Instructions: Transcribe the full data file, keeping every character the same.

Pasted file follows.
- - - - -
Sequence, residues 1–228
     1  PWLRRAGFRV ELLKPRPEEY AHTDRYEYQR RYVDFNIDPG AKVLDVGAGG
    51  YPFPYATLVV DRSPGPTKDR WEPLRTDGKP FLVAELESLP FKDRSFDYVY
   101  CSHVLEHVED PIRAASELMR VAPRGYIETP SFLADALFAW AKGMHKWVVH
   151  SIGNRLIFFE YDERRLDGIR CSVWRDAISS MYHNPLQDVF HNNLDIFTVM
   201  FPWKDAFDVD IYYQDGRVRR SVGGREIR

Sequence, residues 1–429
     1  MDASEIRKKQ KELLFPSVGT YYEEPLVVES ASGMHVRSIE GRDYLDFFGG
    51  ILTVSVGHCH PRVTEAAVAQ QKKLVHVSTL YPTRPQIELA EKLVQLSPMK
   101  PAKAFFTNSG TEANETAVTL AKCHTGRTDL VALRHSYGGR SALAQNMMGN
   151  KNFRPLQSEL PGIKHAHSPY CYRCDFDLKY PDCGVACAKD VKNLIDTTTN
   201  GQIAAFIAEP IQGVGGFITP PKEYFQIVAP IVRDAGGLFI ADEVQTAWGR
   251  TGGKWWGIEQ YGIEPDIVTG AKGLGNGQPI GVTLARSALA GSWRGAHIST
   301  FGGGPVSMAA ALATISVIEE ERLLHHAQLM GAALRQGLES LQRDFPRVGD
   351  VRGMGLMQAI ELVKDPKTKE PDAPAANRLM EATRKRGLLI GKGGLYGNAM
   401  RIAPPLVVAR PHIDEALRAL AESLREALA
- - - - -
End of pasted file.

Sequence, residues 1–228
     1  PWLRRAGFRV ELLKPRPEEY AHTDRYEYQR RYVDFNIDPG AKVLDVGAGG
    51  YPFPYATLVV DRSPGPTKDR WEPLRTDGKP FLVAELESLP FKDRSFDYVY
   101  CSHVLEHVED PIRAASELMR VAPRGYIETP SFLADALFAW AKGMHKWVVH
   151  SIGNRLIFFE YDERRLDGIR CSVWRDAISS MYHNPLQDVF HNNLDIFTVM
   201  FPWKDAFDVD IYYQDGRVRR SVGGREIR

Sequence, residues 1–429
     1  MDASEIRKKQ KELLFPSVGT YYEEPLVVES ASGMHVRSIE GRDYLDFFGG
    51  ILTVSVGHCH PRVTEAAVAQ QKKLVHVSTL YPTRPQIELA EKLVQLSPMK
   101  PAKAFFTNSG TEANETAVTL AKCHTGRTDL VALRHSYGGR SALAQNMMGN
   151  KNFRPLQSEL PGIKHAHSPY CYRCDFDLKY PDCGVACAKD VKNLIDTTTN
   201  GQIAAFIAEP IQGVGGFITP PKEYFQIVAP IVRDAGGLFI ADEVQTAWGR
   251  TGGKWWGIEQ YGIEPDIVTG AKGLGNGQPI GVTLARSALA GSWRGAHIST
   301  FGGGPVSMAA ALATISVIEE ERLLHHAQLM GAALRQGLES LQRDFPRVGD
   351  VRGMGLMQAI ELVKDPKTKE PDAPAANRLM EATRKRGLLI GKGGLYGNAM
   401  RIAPPLVVAR PHIDEALRAL AESLREALA